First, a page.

I use this “trampoline or blow off” concept on some 49mm Showa forks since their large diameter tubes don’t ‘comply’ (bend) like 48 and 47mm tubes on square edges and need a little extra help.....

COMMENTS by Rick Johnson, Too Tech Racing

Bran New 2020 KTM 450
AS RECEIVED: Initially harsh front and rear, did not settle into turns or track comfortably out of turns.
OBJECTIVE: Make the bike fun to ride while maintaining its race character.
SHOCK - We first install a KYB / Showa style bladder kit to greatly improve shock cooling and decrease stiction/heat generation.
After shock re-tuning at the High Speed adjuster and main stack the shock can then be tuned for either aggressive or trail settings, or anything in-between. Re-designing the Hi-Speed adjuster allows disengagement of the adjuster spring when required. This potential is critical to building a versatile shock that can be adjusted between competitive, or trail, or applications in-between.
FORK re-valving includes 'designing in' a KYB / Showa style Mid Speed circuit. This Mid Speed Circuit has been used in KYB & Showa forks for 20+ years but was ignored in the WP AER design. Incorporating this design allows the forks to initially dive into the turn before stiffening up for the obstacles. The exact implementation details allow the fork to be tailored to competitive and off road applications.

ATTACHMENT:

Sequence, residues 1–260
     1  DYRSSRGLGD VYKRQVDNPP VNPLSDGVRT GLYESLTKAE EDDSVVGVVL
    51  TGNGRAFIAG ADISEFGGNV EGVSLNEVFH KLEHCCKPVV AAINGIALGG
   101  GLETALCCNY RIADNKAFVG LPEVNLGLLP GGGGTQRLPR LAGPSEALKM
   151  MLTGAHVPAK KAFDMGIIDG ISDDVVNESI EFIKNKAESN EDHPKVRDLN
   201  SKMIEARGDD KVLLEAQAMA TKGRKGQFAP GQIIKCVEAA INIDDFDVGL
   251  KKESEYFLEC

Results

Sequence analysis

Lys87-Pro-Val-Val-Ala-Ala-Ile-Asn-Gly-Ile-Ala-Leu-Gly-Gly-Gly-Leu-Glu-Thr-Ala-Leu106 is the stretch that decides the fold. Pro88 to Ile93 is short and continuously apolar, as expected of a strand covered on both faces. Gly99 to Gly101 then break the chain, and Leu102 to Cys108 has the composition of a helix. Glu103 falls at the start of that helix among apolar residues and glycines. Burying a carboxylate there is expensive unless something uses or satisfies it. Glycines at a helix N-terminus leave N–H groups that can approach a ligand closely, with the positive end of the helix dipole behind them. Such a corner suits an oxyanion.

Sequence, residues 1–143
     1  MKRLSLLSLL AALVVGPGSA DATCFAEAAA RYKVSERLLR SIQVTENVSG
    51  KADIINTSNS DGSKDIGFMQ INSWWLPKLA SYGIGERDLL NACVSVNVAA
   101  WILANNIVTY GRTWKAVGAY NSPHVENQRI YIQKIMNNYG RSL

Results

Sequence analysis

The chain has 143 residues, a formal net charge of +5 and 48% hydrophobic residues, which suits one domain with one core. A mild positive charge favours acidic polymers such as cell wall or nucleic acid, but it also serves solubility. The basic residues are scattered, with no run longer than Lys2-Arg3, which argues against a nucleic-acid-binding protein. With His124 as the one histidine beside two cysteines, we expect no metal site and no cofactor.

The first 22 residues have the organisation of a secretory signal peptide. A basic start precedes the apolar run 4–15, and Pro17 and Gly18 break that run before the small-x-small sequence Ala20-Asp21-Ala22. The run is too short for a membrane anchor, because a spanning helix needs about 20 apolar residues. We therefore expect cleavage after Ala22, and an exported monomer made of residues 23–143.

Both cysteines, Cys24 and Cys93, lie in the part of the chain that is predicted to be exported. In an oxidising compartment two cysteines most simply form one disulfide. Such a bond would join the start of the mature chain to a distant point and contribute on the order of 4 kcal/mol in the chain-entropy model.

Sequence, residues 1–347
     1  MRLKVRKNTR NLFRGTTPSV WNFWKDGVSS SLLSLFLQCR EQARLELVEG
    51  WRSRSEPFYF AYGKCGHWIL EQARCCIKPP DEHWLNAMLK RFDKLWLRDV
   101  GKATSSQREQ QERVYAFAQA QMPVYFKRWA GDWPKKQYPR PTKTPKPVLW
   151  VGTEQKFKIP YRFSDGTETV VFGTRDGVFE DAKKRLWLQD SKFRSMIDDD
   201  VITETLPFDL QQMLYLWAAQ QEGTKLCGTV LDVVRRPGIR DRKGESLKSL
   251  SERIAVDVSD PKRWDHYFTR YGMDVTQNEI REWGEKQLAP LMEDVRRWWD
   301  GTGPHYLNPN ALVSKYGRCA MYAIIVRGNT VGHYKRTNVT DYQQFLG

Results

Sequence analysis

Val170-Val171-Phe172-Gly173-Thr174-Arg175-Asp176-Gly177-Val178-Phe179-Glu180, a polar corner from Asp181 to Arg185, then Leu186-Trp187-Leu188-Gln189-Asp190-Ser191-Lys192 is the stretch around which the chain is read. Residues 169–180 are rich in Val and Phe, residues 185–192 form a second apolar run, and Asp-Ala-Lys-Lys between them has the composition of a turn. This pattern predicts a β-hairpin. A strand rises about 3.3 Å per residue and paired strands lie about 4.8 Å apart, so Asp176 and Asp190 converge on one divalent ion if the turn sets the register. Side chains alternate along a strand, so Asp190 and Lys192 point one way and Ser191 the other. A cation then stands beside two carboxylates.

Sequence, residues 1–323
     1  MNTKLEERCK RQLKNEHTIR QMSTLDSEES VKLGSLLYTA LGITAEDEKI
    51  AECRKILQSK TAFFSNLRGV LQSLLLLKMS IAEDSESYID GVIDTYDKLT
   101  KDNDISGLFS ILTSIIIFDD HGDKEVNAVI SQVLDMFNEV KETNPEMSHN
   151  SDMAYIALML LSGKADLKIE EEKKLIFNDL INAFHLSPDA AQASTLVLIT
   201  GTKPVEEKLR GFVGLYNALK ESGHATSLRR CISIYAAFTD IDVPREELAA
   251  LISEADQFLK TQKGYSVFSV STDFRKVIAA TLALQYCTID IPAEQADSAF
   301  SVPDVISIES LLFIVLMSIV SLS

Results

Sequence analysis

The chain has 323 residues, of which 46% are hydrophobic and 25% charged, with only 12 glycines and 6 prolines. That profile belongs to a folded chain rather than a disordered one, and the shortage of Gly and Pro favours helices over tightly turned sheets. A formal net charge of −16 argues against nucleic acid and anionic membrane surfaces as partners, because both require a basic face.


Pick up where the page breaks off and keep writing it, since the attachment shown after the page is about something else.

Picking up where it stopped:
(It should be noted that for 2020 1/2 models, W.P. has added a Mid Speed design with KYB / Showa adjustability.)

Customer story: Rode his bike stock for a month trying to make it feel as good as the 2017 KTM SX 450 we did for him. He noted the front end was stiff and wouldn't handle the braking bumps.
Too Tech is familiar with the stiffer 2019 / 2020 frame and enjoyed the challenge of making the stiff frame 2020 ride as well as the soft frame 2017. Too Tech re-designed the fork mid speed valving to eliminate harshness while maintaining excellent KTM turn-in and overall balance.
After the re-valve his comment was,
"Dude I think you nailed it....the bike works awesome-"